County releases first draft trail plan


The roughly 270 miles of roads and trails in Marin’s open space areas could be cropped as part of the district’s new management plan, with troublesome trails decommissioned to protect habitat and foster a better-managed trail system.

On Tuesday evening roughly 100 equestrians, mountain bikers in cycling jerseys and other outdoor enthusiasts gathered for a presentation of the draft plan and accompanying environmental impact report for the unpaved roads and trails that course through over 16,000 acres in the county’s Open Space District. 

It is the first comprehensive management plan since a ballot initiative created the district four decades ago and it aims to better protect habitat, limit total road and trail mileage and implement a zero-tolerance policy for illegal trails, among other management goals and practices.

The EIR is now open for a 60-day public comment period that ends Dec. 2. 

As the has district accumulated more and more land, it has also racked up various problems: trails and roads inherited in poor condition, so-called “social trails” not authorized by the district and often cutting through sensitive habitats, and conflicts between different users—mountain bicyclists, horseback riders, dog walkers and hikers. 

The plan’s three-pronged purpose includes protecting important habitat; 51 rare plants have been documented on open space lands, along with 11 special status wildlife species. The plan seeks to create a system that can be effectively maintained by staffers, who have limited time and resources.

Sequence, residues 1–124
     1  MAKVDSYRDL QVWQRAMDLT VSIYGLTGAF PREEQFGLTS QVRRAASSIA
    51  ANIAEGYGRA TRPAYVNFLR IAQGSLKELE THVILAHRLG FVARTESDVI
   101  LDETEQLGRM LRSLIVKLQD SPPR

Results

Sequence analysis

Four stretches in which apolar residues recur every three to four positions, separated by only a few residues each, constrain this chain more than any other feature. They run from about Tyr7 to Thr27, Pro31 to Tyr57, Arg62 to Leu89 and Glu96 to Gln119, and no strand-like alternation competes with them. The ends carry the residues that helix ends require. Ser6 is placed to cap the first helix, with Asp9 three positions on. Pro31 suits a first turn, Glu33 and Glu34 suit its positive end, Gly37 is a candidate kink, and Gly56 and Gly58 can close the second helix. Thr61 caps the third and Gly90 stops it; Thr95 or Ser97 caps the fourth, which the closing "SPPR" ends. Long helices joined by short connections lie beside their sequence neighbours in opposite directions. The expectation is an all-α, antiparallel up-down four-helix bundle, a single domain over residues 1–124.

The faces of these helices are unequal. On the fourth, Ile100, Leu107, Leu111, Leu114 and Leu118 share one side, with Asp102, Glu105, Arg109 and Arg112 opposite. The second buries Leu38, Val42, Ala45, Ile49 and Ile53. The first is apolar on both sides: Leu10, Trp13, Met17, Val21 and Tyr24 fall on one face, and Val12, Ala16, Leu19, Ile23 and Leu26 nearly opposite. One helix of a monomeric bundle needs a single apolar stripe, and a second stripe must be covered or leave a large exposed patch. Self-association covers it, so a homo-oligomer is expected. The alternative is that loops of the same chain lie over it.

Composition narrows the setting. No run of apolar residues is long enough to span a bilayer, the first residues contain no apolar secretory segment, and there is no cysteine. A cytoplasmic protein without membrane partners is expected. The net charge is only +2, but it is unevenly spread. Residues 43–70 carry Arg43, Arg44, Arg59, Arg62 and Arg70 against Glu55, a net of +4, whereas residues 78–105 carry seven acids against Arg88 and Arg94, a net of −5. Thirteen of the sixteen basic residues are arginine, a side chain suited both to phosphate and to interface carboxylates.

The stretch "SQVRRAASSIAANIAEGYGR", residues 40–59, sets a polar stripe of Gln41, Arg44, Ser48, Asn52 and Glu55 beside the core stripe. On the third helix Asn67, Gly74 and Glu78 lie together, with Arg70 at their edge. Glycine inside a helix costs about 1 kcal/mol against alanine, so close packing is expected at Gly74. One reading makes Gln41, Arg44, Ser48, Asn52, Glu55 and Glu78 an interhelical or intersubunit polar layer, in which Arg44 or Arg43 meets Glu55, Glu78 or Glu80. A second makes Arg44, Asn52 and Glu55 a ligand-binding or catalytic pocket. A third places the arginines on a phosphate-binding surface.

And since visitor use of open space has increased significantly in the past few decades—particularly through mountain biking, which didn’t exist in the early 1970’s—new management practices are critical, the county says.

The plan’s development was fraught with disagreement when the district started holding public meetings three years ago. “We started out with a lot of conflict. We had a lot of debate about who belongs here,” said Linda Dahl, the director of the Marin County Parks and Open Space Department. 

Those disagreements were at no time more visible than in June, when two young mountain bikers zipping down a trail in Novato startled a pair of horses that threw their riders, causing significant injuries to one woman. The kids did not stop to help.

Elise Holland, the department’s former chief of planning and resources who helped spearhead the plan, said that although the district will soon double its ranger staff from six to 12 people to help enforce new and current policies, it is still responsible for overseeing a significant trail system divided between six separate regions around the county, two of which are in West Marin. 

In order to streamline management, the plan creates four distinct “visitor use management zones,” depending on whether the purpose of a given area is to be “immersed in nature” or serve higher-level uses; these categories will help dictate regulations and management in accordance with how people use the areas and to what extent the lands have already been disturbed.